Cancers have long been named for the part of the body where they originate, which is why Paula Helmer was shocked to find that the tumours removed from the bone in her neck were actually breast cancer.
“I didn’t have any lumps in my breasts, but the doctors told me it was breast cancer that had spread to my bones,” said Helmer.
What followed her unusual diagnosis was a personalized approach to cancer care that highlights how much the field has changed in this age of genetically informed medicine.
Dr. Mark Clemons, Helmer’s medical oncologist at The Ottawa Hospital Cancer Centre, is among a new generation of cancer specialists who are moving from prescribing drugs based on the tissue of origin, to the molecular basis of each patient’s cancer. By identifying the genetic flaws inside a tumour cell, Dr. Clemons is able to tailor therapies to a patient’s individual type of cancer, providing a more effective treatment. In fact, his research in this area is improving care for cancer patients worldwide.
With surgery and radiation therapy behind her, Helmer did not move on to the usual courses of chemotherapy. While chemotherapy may work for some patients, it often causes harmful side effects such as nausea, hair loss and organ damage.
“We’re now able to tell more and more of our patients, ‘I don’t think chemotherapy is going to help you. We've got a much less toxic treatment option to give you,’” said Dr. Clemons, who’s also a clinical investigator at the Ottawa Hospital Research Institute and a professor at the University of Ottawa.
“This personalized approach allows us to provide our patients with treatments that have the fewest side effects and the best possible outcome. We don’t waste precious time trying drugs that may not be effective for a patient.”
In Helmer’s case, Dr. Clemons ordered molecular tests that could predict which drugs would – and which would not – slow the progression of her particular type of cancer. The tests provided a detailed profile of the specific genetic flaws causing the tumour cells inside Helmer to grow. Dr. Clemons then matched this information with specific drugs able to target her cancer.
In that way, Helmer has received kinder, gentler drugs that have allowed her to live longer and better than even Dr. Clemons thought was possible. More than four years after her diagnosis, Helmer continues to travel, sing in a choir and enjoy quality time with her husband, children and grandchildren.
“I’m enjoying my life and I count my blessings every day,” she said.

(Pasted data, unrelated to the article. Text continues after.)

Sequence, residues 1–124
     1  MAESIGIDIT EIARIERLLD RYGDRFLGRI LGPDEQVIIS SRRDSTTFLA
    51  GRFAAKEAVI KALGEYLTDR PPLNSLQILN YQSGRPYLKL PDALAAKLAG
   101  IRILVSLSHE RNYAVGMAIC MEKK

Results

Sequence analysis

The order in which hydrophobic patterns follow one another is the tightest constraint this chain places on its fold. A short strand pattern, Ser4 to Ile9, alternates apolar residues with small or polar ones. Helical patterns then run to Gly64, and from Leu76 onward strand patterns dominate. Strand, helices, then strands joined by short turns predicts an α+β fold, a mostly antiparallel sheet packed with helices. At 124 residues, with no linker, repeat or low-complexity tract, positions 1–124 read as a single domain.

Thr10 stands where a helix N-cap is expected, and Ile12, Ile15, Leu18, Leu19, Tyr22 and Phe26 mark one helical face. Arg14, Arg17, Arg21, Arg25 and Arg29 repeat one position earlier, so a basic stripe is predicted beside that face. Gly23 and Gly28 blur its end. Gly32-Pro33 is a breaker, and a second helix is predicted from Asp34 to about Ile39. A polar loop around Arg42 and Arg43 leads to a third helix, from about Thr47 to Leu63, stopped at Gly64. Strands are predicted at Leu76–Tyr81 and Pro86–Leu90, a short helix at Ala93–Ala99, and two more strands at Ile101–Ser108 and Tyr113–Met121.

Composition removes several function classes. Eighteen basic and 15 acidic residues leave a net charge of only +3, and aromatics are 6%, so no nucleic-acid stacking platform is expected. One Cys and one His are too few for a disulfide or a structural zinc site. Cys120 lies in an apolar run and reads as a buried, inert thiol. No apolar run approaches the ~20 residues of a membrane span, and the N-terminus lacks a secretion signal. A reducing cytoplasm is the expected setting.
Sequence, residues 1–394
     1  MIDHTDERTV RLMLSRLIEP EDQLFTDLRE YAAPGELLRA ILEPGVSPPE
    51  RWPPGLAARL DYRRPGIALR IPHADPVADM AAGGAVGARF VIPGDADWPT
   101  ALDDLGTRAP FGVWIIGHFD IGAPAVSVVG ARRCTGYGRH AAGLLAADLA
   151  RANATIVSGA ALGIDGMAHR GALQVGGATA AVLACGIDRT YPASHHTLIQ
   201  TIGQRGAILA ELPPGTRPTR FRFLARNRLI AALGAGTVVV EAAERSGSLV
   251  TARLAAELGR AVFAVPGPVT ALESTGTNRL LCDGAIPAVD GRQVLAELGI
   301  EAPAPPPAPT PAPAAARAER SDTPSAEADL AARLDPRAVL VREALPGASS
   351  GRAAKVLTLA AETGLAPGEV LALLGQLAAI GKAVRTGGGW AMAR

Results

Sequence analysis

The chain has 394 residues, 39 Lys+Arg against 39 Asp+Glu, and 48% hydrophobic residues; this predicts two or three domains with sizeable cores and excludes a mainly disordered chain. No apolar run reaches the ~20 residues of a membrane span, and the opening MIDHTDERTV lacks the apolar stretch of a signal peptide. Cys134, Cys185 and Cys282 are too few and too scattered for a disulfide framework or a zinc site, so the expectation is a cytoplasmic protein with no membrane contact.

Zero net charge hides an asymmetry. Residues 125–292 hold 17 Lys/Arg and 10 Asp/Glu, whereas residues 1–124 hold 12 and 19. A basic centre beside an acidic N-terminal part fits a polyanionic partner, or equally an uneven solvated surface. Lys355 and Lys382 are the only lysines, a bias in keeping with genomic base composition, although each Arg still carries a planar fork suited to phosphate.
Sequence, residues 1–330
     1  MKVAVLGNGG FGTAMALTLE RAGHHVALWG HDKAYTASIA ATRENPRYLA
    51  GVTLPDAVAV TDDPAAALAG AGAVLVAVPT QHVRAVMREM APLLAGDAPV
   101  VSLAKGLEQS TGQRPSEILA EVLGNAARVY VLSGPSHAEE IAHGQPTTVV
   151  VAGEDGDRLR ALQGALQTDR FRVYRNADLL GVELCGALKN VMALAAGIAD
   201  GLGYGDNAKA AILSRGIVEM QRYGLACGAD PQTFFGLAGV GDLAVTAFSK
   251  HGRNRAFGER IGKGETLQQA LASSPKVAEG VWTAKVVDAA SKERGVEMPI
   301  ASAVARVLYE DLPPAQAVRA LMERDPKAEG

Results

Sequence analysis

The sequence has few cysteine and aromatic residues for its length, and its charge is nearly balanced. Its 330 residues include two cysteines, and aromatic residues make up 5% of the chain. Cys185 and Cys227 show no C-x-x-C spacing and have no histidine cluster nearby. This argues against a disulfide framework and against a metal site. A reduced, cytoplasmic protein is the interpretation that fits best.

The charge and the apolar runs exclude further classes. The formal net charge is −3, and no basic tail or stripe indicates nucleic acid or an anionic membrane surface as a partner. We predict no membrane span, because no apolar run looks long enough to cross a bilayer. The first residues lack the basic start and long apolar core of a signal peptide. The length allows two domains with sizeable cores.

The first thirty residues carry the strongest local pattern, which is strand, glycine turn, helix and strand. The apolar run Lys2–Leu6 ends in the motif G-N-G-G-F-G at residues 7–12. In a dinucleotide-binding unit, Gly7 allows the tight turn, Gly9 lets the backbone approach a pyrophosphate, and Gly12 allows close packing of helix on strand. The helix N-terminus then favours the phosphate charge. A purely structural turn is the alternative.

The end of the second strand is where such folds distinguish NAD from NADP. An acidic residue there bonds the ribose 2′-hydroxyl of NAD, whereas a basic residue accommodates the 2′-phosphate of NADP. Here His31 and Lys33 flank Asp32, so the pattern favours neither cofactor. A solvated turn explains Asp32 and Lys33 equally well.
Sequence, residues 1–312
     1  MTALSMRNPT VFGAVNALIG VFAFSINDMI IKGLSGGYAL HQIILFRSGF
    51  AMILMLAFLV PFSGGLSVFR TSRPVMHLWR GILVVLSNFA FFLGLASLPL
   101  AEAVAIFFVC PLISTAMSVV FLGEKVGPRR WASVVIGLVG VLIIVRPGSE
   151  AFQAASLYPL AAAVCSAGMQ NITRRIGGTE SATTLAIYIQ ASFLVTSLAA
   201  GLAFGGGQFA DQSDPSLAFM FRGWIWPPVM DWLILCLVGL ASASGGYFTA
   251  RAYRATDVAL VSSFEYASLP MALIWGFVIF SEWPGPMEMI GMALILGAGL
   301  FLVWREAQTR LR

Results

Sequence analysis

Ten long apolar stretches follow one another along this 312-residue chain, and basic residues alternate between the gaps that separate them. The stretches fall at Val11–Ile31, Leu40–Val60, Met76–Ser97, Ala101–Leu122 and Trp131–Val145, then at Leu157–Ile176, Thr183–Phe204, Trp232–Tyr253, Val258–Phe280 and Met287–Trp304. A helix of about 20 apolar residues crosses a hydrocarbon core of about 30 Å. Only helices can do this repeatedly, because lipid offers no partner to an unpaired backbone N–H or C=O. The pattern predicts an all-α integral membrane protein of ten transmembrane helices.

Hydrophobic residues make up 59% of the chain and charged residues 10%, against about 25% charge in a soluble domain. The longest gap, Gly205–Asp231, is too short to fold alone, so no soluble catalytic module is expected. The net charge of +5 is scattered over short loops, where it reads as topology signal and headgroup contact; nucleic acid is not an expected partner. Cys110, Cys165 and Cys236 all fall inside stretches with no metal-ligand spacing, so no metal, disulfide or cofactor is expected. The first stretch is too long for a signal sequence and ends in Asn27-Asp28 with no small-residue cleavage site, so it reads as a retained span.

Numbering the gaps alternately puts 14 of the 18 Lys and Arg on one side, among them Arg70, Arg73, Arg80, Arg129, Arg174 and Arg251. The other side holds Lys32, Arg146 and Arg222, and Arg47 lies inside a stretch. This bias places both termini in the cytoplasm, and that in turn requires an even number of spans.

Through personalized medicine, Dr. Clemons has reduced the frequency and dose of the drugs given to Helmer without compromising their effectiveness.
Indeed, Helmer was part of a research study led by Dr. Clemons. The study found that women who had low levels of a certain blood marker could benefit from taking a drug less frequently to treat breast cancer that had spread to the bone.
Dr. Clemons and his collaborators discovered that less frequent treatments – once every three months rather than once every month – were just as effective. They also resulted in fewer side effects and reduced drug costs. The finding has already changed the way cancer centres around the world treat women with advanced breast cancer.
The personalized approach has also allowed Dr. Clemons to prescribe different drugs for Helmer as her cancer cells have continued to evolve and behave differently over time. His research has demonstrated that women with advanced or recurring breast cancer benefit from having an up-to-date biopsy to determine if their treatment plans should be changed. That’s because four out of 10 women with recurring breast cancer have tumours with a different molecular profile compared to that of their original tumour.
Because of this finding, it’s now considered best practice for oncologists to check the molecular profile of breast cancer that has spread or returned before giving patients the same treatments they previously received.
Dr. Clemons' finding serves as a reminder of how devilishly complex cancer is and how much more remains to be understood. That’s what motivates Helmer to participate in many of Dr. Clemons’ research studies.
“I have received excellent care at the hospital and this is my way of giving back,” she said. “I’ve benefitted from the people before me who made the effort to join these studies. I want to do whatever I can to move the research along so that other people will benefit down the road.”
Given the promise of personalized cancer therapy, The Ottawa Hospital Foundation is working to raise $3 million to establish an Oncology Diagnostics Laboratory, allowing Ottawa residents to benefit from quick results for the most advanced molecular testing.